According to the U.S. Occupational Safety and Health Administration, the state of Texas leads the nation in a dubious category; the number of fatalities caused by trench collapses. With a few weeks left in 2017, there have thus far been three trench fatalities statewide.
That is one reason trench rescue demonstration was held recently in Robstown, Texas, just outside Corpus Christi. Many in attendance seem to have been surprised by the odds against surviving a trench collapse if a worker is caught in one. One public works official with the City of Corpus Christi told was quoted saying that he was “amazed” that most rescues are unsuccessful. And that was someone who digs trenches as a regular part of his job.
Many others in attendance also seemed surprised that it’s necessary for rescuers to dig with their hands, rather than use equipment, for reasons that should seem obvious. Some suggested that it would be nice to have some sort of vacuum system to get the collapsed dirt out of the hole. Some also noted that the density of the clay in many parts of Texas makes such a rescue even more difficult.
Attendees to the demonstration learned that the biggest factors when it came to trench collapse survival were weight and time. The weight of the dirt averages about 100 pounds per square foot, or 2,700 pounds per square yard, which is the equivalent of two standard truckloads of dirt. Workers can only last a few minutes under that amount of dirt, so by the time rescuers get to the scene and start doing their job, time is already working against them. All those factors combine to makes the prevention of trench collapses extremely important, through proper digging and by bracing the trench walls.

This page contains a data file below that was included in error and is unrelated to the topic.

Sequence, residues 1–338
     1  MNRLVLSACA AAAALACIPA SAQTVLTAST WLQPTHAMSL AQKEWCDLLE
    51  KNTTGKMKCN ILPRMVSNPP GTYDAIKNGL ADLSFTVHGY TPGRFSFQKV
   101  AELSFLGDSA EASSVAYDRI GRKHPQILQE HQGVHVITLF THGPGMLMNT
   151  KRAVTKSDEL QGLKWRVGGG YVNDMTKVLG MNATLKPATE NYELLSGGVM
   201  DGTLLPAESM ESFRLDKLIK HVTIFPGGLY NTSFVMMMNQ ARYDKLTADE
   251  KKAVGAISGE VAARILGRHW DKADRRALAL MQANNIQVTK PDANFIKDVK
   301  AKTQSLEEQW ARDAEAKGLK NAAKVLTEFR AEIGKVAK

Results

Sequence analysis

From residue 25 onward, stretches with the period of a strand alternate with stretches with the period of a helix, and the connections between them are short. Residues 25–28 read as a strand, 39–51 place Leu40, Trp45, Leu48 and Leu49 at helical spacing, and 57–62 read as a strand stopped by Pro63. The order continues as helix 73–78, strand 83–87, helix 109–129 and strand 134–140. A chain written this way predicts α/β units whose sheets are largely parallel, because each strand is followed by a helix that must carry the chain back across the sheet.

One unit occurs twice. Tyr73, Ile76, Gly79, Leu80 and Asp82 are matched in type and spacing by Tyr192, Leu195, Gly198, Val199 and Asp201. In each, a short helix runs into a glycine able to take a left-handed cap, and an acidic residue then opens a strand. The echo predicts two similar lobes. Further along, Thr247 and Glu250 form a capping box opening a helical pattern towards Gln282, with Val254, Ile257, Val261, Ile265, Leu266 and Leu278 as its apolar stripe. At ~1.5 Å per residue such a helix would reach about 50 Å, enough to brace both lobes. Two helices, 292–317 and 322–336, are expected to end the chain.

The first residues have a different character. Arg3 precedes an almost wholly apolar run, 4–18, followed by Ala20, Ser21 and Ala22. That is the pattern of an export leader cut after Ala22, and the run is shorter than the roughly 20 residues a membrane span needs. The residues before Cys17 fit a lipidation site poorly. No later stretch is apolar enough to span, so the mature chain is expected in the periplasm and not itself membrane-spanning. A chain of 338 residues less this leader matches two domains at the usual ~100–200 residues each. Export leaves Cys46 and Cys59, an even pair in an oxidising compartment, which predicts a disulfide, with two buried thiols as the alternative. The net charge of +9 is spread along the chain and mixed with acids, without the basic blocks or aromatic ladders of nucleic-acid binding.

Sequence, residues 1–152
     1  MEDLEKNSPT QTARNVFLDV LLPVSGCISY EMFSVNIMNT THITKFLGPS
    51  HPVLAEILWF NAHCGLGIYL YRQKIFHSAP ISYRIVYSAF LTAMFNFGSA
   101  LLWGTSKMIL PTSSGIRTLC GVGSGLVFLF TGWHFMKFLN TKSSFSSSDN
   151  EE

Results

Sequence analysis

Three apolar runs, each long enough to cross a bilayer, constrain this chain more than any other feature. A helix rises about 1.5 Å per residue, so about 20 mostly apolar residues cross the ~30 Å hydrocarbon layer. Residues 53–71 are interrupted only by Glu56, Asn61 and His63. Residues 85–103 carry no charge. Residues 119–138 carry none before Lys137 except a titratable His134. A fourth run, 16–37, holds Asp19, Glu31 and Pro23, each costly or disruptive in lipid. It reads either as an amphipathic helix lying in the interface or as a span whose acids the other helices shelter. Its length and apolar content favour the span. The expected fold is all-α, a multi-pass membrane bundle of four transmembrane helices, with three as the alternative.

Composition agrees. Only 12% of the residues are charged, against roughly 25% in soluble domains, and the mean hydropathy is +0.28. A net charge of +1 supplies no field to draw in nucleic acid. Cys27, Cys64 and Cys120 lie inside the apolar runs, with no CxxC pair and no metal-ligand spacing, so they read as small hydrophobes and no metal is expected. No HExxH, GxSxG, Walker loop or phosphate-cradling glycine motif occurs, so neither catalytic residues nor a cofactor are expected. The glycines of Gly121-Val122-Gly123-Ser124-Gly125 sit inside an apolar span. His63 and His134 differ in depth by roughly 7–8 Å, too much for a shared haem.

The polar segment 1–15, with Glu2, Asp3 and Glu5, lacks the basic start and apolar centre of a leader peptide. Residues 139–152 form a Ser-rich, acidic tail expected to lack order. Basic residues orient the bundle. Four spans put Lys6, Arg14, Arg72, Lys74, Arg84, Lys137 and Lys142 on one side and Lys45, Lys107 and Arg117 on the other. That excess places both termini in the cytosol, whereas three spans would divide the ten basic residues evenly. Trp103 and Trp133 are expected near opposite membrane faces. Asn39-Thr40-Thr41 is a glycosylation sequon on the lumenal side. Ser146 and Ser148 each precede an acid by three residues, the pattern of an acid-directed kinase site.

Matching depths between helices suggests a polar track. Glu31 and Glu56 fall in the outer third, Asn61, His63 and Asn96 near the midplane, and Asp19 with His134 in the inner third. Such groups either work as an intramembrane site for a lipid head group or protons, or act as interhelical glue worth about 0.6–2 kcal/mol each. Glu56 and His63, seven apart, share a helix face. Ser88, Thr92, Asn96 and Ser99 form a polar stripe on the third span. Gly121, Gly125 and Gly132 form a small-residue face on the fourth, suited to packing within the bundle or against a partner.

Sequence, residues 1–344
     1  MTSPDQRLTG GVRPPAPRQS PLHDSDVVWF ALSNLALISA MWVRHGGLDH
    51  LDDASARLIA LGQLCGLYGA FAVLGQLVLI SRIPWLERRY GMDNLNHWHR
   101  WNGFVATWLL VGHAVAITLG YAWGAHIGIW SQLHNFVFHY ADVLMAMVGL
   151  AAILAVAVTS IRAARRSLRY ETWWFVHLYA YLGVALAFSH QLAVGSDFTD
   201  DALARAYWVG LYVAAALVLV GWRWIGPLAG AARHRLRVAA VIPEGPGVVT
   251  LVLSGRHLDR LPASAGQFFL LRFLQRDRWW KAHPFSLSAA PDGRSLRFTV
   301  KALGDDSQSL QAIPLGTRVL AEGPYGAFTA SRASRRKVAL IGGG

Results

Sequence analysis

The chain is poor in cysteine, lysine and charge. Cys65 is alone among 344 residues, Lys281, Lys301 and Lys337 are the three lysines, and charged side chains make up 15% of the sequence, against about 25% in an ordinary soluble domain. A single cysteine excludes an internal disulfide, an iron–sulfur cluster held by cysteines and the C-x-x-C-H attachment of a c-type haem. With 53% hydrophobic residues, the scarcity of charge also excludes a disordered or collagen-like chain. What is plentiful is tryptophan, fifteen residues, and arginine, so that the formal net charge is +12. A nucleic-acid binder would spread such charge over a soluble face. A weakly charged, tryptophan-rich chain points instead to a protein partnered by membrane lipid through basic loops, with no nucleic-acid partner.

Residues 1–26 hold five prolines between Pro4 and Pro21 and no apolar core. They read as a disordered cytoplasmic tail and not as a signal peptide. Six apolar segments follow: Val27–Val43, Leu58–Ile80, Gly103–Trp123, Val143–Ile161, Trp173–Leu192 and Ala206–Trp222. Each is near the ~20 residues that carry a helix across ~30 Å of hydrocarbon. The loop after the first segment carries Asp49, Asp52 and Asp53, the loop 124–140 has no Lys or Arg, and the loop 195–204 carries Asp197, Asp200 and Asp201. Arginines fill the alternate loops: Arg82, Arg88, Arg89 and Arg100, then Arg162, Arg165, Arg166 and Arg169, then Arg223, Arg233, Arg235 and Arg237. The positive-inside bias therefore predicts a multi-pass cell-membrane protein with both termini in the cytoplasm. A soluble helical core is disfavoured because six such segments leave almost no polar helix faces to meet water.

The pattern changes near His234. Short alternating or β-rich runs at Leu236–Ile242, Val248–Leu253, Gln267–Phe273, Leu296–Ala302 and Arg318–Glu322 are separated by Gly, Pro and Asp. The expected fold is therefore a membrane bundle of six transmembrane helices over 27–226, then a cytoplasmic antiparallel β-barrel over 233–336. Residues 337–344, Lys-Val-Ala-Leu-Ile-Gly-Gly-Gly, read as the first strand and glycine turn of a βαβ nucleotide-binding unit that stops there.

According to OSHA, nationwide, there were 11 fatalities due to trench collapses in 2014 and another 11 in 2015, but the number soared to 23 in 2016. Texas saw two trenching fatalities in 2016 and there have been three so far in 2017. There were two in Texas last year and three more this year. This is the third annual such demonstration, but organizers hope to hold another next year, and every year until the problem is fixed.